As with many other things, in MMA, there is the good, there is the bad and there is the business as usual.
It ran the gamut in March. A lot of fighters found themselves riding higher than ever. Others hit a big-time valley. Some held just as steady as she goes.
These are the fighters who went up, down or nowhere in the month of March. This covers fighters and in-cage actions only.
There are probably others. In fact, there definitely are. Want to add one in the comments? I don't see anyone stopping you.
I'll say it again, because it can't be said enough times: Anthony Johnson used to be a welterweight.
Not at World Series of Fighting 2, though, where in his heavyweight debut, Johnson punished well-regarded veteran Andrei Arlovski for three rounds to take a convincing decision.
Maybe he'll stay at heavyweight or maybe he'll drop down to 205. But there's no question Johnson's vaunted power stays intact—very intact—in the sport's largest divisions.
It's evident now that Hector Lombard was not who we thought he was. Or he was exactly who we thought he was. I guess it depends on your perception of his career arc pre-UFC.
In any case, Lombard (a judo black belt) was outwrestled for two rounds by Yushin Okami at UFC on Fuel 8. He came on strong in the end, but couldn't get the knockout he knew he needed.
Regardless of what you thought about Lombard before he entered the UFC, you shouldn't have been surprised after he fell to 1-2 in the Octagon. It's knockout or bust for the marble-cut Cuban.
Stock: Holding Steady
You really have to work hard to get booed by a Canadian crowd if you yourself are a Canadian person. But Nick Ring pulled it off at UFC 158.
Against brawler Chris Camozzi, Ring used his speed to stay out of danger, but failed to employ what I understand to be a key component of fighting: fighting.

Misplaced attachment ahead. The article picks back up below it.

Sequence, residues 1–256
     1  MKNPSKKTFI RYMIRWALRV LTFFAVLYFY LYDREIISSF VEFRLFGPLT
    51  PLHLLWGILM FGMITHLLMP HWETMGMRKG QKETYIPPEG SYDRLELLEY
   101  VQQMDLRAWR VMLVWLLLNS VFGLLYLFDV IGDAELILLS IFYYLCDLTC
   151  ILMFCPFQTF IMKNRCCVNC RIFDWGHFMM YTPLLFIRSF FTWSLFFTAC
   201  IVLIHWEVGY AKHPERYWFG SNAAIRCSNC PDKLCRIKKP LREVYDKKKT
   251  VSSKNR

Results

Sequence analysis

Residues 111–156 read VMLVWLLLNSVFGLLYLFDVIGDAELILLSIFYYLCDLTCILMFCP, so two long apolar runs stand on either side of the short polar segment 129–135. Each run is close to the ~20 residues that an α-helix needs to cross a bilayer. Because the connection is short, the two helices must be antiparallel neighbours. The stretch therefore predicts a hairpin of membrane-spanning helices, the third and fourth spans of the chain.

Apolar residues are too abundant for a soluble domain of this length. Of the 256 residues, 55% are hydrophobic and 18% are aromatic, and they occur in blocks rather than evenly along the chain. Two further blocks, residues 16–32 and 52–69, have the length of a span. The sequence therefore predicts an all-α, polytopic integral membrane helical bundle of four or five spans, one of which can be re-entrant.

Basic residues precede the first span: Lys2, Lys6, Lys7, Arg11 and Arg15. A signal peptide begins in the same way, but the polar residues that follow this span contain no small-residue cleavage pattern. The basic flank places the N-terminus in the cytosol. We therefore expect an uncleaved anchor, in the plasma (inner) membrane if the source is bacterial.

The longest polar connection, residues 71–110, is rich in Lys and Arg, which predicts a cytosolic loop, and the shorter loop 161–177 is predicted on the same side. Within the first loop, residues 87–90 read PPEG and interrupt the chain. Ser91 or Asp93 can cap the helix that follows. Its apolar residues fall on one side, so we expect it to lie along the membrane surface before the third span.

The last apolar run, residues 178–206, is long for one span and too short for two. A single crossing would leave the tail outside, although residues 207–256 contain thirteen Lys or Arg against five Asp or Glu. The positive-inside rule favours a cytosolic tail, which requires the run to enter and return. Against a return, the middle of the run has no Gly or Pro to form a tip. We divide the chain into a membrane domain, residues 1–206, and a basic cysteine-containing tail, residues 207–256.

In the end, Ring played hare to Camozzi's tortoise and fell behind as Camozzi hit his stride. He dropped a decision to become a loser in two of his last three. Suddenly, a likable, talented and promising middleweight is, at 3-2, looking very much like a career UFC journeyman.
Perk up, Arianny. Standing before you is one of the most underrated fighters in the UFC right now.
Darren Elkins knocked out Antonio Carvalho at UFC 158 to take his fifth straight win inside the Octagon—a streak, by the way, that makes him 5-0 as a featherweight. And there aren't many cans on that shelf, either. We're talking about guys like Diego Brandao and Steven Siler.
Maybe that's why, when Clay Guida went down with injury, Elkins got the call to face Chad Mendes April 20 at UFC on Fox 7.
Stock: Up With a Bullet
At Bellator 93, "regional veteran" Ryan Sanders came, saw and was conquered when phenom Michael Page knocked him out with a grazing punch. It must have been one heck of a graze; Sanders went down and turtled up like a four-year-old confronted with Pennywise. Feel free to resume your regional veteranship, Mr. Sanders.
Stock: Holding steady
MMA's hardcore fan set waited anxiously for Tyson Nam to get his contract issues behind him and return to the cage. They wanted to see what he had up his sleeve for an encore after he disappeared Bellator champ Eduardo Dantas last summer.
Well, at WSOF 2, those fans got their answer. And that answer was: not much. It was a KO, first round, for your winner, Marlon Moraes.
His spinning-backfist KO of Muhammed Lawal is an early favorite for upset of the year. But Emanuel Newton emphatically avoided one-hit-wonder status by decisioning Mikhail Zayats at Bellator 94 to claim the promotion's Season 8 light heavyweight tournament title.
If that's not good enough for you, he also recently beat up a gang of white power scumbags.
As an opponent, Brian Stann—hard punching, respectful, willing to brawl, not exceptionally well rounded—might be an outlier. But Wanderlei Silva was still able to take advantage, and in the very arena (Japan's Saitama Super Arena) that has seen so many of his illustrious career's highlights.
The win also silenced talk of a Wandy retirement. For better or worse, with this win Silva's in firmer control of his own professional end game.
Another month, another business accomplishment for Georges St-Pierre, Inc. Another minimally damaging but thoroughly dominant wrestling-based victory, this one over some guy named Nick Diaz. It was another gaggle of stiff interviews and straight-faced glad-handing. On to the next one for the greatest welterweight in MMA history.
Stock: Holding Steady
Nick Diaz began the month as an entertaining underdog, a savantish MMA boxer and maybe the most famous antihero in mixed martial arts history.
At the end, Diaz was a UFC title also-ran, a rampant maker of excuses and a possible income tax evader. Yeah.
Stock Waaaaaaayyyyyyy Doooooooooooowwwwwwwwwwwwnnnnnnnnn